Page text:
“The struggle helps you learn, but it makes you feel like you’re not learning,” said Nate Kornell, a psychologist at Williams College. “You feel like: ‘I don’t know it that well. This is hard and I’m having trouble coming up with this information.’ ”

By contrast, he said, when rereading texts and possibly even drawing diagrams, “you say: ‘Oh, this is easier. I read this already.’ ”

This is intriguing – I’ve always preferred writing a paper to taking a test, but never thought about how the act of taking the test itself could help improve recall. 

Hidden Influencers

Good read today from the McKinsey Quarterly – an article called “Tapping the Power of Hidden Influencers” by Lili Duan, Emily Sheeren and Leigh Weiss.

The article introduces a surveying technique used by social scientists to get data from sex workers, drug dealers and other “hidden populations” who might not be all that thrilled or motivated to contribute to research. Basically, the technique is to keep the surveys very short and include the question “who else should I be talking to?” – it’s called snowball sampling because one name or group of names quickly snowballs into a high-quality cohort.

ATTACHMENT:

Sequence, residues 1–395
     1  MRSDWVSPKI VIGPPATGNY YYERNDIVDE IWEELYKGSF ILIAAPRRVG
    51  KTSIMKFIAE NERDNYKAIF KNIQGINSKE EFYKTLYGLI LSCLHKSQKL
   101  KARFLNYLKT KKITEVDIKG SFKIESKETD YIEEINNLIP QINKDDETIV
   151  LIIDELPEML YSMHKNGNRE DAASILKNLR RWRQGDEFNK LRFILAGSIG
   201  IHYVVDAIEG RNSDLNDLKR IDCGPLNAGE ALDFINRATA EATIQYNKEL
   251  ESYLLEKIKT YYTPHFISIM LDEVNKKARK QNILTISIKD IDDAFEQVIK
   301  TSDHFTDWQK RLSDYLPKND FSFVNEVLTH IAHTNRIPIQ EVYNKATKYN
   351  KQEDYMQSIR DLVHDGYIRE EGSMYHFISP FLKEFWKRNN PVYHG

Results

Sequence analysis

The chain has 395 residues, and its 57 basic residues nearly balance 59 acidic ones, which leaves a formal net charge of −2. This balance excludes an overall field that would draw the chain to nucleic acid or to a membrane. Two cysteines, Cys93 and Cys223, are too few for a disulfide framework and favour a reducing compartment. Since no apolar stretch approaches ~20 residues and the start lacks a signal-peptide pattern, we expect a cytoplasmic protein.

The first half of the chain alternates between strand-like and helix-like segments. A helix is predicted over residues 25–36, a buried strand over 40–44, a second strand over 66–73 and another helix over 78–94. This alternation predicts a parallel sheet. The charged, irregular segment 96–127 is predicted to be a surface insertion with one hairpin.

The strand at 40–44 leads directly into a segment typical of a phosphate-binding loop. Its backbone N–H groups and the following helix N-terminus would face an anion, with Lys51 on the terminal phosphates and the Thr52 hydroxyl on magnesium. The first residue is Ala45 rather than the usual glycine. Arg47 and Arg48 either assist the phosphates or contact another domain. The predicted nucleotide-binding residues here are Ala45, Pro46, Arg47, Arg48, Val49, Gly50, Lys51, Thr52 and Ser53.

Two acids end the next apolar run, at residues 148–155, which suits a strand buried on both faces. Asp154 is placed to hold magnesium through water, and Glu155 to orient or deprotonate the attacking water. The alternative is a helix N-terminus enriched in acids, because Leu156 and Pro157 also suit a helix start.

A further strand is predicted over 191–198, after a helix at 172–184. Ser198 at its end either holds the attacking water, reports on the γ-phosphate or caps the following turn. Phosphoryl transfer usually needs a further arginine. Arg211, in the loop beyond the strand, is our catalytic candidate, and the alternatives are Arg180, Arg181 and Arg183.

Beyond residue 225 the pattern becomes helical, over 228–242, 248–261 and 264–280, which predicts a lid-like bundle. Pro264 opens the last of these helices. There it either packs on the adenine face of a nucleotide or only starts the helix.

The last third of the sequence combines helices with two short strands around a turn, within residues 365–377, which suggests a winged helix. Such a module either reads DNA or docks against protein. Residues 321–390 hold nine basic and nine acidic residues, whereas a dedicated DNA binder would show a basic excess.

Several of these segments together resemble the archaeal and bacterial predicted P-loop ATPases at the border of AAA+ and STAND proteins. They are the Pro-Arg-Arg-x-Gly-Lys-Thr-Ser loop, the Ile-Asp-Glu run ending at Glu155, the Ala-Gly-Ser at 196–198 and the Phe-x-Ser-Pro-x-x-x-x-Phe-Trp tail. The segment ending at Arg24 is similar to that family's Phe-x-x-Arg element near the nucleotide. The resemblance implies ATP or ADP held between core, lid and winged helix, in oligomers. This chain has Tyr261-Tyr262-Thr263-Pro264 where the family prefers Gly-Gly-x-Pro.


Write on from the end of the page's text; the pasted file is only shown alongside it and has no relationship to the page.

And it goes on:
The authors suggest that this technique can be adapted by business leaders to identify who the “hidden influencers” in their organization are. Because their research has shown that the biggest hindrance to organizational change efforts is employee resistance, the authors encourage using this survey technique to identify influencers throughout the organization and involve those people in change efforts. They share examples of two companies that are using this method, and a few key takeaways from the early results of their efforts.

The research and recommended steps make sense to me – I think the hardest sell is to get senior management to admit their ignorance about who employees actually listen to. The authors address this point as well:

Moreover, we find that even when company leaders believe they know who the influencers will be, they are almost always wrong. At one large North American retailer, for instance, we compared a list of influencers that two store managers created before the survey with its actual results. Between them, the managers overlooked almost two-thirds of the influential employees their colleagues named; worse, both managers missed three of the top five influencers in their own stores. The retailer’s inability to recognize its influencers is no anomaly; we’ve observed a similar pattern in every other industry and geography we’ve studied.